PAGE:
Global Talent Competitiveness Index (GTCI 2020): 8th place for Luxembourg

For the 7th consecutive year, the international school of management INSEAD and The Adecco Group, publish, in partnership with Google, the Global Talent Competitiveness Index (GTCI).

GTCI 2020: future perspectives the job market and talents

The GTCI report consists of an annual comparative analysis, which ranks countries and cities according to their ability to produce, attract and retain talent.

The report provides governments, cities, businesses and non-profit organizations with a tool to help them design their talent strategies, overcome skills mismatches and compete in the global market.

This year, the index includes 70 variables. It covers 132 countries and 155 cities, in all income groups and levels of development.

The 2020 edition deals with the theme of global talents in the era of artificial intelligence. The report explores how the development of Artificial Intelligence is transforming the nature of work, and forced to reassess professional practices, business structures and innovation ecosystems.

Luxembourg confirms and strengthens its leadership position

This year, Luxembourg is gaining 2 places, ranking 8th. Luxembourg's performance is superior to that of other European countries.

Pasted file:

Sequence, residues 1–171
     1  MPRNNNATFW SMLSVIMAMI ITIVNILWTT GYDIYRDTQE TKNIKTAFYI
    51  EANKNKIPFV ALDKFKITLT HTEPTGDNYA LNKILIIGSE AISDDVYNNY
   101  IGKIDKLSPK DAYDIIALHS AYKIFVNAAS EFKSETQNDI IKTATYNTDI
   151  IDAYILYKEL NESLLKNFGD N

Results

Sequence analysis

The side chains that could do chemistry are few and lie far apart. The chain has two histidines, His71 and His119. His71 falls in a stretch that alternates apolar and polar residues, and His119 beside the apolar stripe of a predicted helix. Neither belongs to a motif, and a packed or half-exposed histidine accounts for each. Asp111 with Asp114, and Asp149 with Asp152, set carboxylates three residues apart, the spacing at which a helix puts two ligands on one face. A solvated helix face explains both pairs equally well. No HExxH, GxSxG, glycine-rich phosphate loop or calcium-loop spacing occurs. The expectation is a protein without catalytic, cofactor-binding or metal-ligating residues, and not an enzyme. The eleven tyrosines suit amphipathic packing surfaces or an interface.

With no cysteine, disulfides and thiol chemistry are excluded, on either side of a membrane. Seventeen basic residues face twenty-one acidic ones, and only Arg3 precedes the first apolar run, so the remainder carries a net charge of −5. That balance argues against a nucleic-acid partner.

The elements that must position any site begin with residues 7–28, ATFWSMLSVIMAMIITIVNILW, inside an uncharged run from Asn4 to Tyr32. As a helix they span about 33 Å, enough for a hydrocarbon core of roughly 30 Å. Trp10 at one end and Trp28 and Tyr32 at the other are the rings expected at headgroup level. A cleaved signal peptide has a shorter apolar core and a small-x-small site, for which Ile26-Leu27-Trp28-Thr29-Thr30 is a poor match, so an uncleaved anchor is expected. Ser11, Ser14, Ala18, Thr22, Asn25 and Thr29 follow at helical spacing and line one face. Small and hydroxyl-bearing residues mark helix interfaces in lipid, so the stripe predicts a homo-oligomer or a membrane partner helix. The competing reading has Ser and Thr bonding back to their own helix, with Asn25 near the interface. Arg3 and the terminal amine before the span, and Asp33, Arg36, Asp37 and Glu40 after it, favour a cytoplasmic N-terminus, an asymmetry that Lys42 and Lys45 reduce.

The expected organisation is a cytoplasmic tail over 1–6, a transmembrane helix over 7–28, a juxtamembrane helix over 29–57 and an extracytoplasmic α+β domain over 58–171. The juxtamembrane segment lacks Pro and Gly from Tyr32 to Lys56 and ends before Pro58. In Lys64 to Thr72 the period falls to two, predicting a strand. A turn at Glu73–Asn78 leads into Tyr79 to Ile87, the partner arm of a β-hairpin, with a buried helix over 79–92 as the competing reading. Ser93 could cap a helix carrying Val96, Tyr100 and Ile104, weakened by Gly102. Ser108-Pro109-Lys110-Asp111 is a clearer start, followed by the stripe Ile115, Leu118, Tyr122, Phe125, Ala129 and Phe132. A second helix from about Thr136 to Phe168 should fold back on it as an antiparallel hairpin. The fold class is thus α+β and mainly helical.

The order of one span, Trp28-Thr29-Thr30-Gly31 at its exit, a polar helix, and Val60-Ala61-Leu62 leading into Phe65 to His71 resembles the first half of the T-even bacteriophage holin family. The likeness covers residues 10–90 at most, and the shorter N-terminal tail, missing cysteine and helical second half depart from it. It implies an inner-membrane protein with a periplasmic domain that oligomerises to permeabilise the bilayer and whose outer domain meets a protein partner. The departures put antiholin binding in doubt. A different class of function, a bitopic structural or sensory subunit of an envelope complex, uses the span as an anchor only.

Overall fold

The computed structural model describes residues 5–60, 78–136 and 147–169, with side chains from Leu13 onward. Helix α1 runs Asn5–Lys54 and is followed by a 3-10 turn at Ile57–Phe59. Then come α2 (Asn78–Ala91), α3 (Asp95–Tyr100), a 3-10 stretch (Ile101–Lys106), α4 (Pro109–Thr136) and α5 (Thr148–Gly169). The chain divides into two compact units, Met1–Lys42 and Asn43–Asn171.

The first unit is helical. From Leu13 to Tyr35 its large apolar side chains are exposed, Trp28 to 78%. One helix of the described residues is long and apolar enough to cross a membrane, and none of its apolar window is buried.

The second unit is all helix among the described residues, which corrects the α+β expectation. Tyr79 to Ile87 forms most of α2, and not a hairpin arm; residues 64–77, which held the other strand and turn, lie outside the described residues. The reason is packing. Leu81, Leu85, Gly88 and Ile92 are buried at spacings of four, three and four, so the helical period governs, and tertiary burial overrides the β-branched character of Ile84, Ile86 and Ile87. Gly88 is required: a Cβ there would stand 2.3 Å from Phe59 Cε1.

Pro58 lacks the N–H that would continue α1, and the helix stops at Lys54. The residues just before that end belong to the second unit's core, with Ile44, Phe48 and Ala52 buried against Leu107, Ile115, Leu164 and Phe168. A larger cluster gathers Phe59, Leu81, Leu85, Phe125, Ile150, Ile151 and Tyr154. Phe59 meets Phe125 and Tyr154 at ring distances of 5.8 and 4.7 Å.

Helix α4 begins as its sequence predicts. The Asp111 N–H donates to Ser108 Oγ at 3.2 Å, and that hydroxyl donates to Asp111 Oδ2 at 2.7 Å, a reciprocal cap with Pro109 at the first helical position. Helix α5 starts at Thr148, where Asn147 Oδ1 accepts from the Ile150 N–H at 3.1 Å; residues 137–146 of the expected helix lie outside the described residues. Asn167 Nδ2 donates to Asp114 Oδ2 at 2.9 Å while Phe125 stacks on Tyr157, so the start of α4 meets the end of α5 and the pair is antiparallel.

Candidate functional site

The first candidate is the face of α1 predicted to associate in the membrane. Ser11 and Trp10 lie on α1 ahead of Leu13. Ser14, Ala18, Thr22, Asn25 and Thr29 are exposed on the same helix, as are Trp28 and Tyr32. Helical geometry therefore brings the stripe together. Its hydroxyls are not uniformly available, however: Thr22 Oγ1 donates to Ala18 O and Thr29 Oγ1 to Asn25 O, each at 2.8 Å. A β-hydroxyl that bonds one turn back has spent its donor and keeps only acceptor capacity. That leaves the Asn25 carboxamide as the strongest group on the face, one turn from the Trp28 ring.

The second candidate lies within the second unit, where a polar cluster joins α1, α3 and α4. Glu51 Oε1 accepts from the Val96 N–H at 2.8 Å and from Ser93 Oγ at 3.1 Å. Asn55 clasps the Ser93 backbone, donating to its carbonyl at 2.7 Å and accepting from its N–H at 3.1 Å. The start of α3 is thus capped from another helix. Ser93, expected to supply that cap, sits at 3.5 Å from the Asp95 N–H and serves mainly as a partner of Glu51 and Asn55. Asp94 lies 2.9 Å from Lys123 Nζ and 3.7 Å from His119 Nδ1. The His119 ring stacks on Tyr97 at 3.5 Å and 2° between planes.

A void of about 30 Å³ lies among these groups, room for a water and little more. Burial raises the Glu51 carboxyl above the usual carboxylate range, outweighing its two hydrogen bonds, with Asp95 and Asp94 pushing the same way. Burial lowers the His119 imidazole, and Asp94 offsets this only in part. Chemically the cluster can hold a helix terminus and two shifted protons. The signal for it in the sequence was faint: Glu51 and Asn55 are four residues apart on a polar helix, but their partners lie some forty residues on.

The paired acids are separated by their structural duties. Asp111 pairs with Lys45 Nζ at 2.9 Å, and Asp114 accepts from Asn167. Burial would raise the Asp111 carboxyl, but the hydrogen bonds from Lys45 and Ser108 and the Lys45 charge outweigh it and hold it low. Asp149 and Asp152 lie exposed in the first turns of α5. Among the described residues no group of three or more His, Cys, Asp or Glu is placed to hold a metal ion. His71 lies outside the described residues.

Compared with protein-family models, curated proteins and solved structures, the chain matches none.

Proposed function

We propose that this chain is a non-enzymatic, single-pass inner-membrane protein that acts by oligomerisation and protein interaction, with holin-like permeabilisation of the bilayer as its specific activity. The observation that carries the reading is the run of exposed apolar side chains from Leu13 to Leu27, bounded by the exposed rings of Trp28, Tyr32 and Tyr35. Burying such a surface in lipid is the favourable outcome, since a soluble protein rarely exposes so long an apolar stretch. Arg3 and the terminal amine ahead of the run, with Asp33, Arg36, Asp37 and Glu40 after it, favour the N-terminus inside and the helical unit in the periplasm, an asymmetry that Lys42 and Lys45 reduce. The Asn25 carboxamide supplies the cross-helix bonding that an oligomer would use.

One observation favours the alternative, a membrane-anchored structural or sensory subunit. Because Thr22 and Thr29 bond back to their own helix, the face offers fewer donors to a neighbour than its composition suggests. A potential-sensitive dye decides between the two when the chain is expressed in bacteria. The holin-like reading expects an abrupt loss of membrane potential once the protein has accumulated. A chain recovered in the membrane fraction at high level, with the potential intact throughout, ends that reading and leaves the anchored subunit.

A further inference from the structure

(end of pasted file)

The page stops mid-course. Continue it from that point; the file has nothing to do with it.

Luxembourg stands out mainly by:

  • its ability to attract talent, especially foreign companies and talents
  • its ability to retain them, in particular thanks to its pension and social protection systems
  • innovation
  • entrepreneurship

Artificial Intelligence and its perspectives in Luxembourg

In the 2020 report, Nicolas Schmit, current European Commissioner in charge of the employment and social rights portfolio, explains how the Luxembourg addresses the opportunities and changes brought about by AI. He underlines the importance of good performance of ICT infrastructures, the need for guarantees in terms of data protection and privacy, the challenge of establishing new relationships between man and machine and the key role of upskilling.

“In Luxembourg, we want to be a data hub. Therefore, we need to encourage ways to own or share powerful computers that can handle big data. Such an approach will have a significant impact on employment, because repetitive jobs disappear and new ones are created. Certain sectors, such as finance, the key to the Luxembourg economy, will be profoundly transformed: the banks of tomorrow will be closer to fintech. This means that the changes will not only be technological but also organizational. "

He adds: "I'm not pessimistic about the future of AI and jobs, because I think that this future depends on us, on the way we organize the world of work. We probably have to totally change the way people work. This can bring new great opportunities. "

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GTCI 2020

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